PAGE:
Now let’s put this in the right perspective: Jesus doesn’t teach these things to make life inconvenient. He teaches them because it’s the loving thing to do, because, if we all lived like this, our world would be perfect, and because that’s How He lived.
So let’s change the language! Being Catholic is not inconvenient. Being Catholic is challenging. Jesus challenges us because growing in love is challenging. Parents know this better than anyone. We love our children and want what’s good for them, and this means we’ll lovingly challenge them. Letting them do what they want when they want wouldn’t be loving. It’s loving to monitor what they look at on the internet, to make sure they study, to be careful about whom they hang out with, to tell them to go to bed, to teach them manners, and to push them to practice piano. Being a good parent means challenging our children.
Some years ago, after a meeting with the Parent Education Committee of a school, I talked to the parent who was in charge of parent participation hours (parents at our Catholic schools commonly promise to participate for a certain number of hours because we don’t have full government funding, so we have to make up the money somewhere). He mentioned that he was having a hard time in his position, so I asked, “Are some parents not showing up to do their hours?” Frustrated, he said, “Oh, Father, you have no idea. It’s so bad.” I was honestly surprised: I didn’t think there would be Catholic parents who would skip out on the hours they had promised to do. He said that, while some reasons were legitimate, other people lied, some refused to communicate, others didn’t respond to questions, and some were even caught cheating. I thought, “Glad I’m not the pastor! I don’t have to deal with it.”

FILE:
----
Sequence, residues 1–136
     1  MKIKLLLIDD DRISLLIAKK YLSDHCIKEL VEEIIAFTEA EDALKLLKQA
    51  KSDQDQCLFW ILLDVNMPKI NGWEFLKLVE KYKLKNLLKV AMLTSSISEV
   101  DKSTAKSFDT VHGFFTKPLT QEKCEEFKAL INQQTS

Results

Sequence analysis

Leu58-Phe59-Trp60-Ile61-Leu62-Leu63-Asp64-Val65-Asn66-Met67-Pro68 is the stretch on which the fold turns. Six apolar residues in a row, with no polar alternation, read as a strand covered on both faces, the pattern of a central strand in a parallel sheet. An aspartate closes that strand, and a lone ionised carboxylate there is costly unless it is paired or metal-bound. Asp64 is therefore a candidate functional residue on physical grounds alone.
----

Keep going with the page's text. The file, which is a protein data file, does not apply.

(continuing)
Now let’s say the same thing happens here. Let’s say some parents are working hard to fulfill their hours and others aren’t. What would be the right thing to do? Now that I’m the pastor, I would use my authority to delegate all the problems to the principal and throw him under the bus. Well, maybe not. The right thing to do would be to address the situation lovingly, politely and professionally. If I didn’t accept the challenge and didn’t challenge the community to grow, the school would grow in dysfunction and lack of accountability.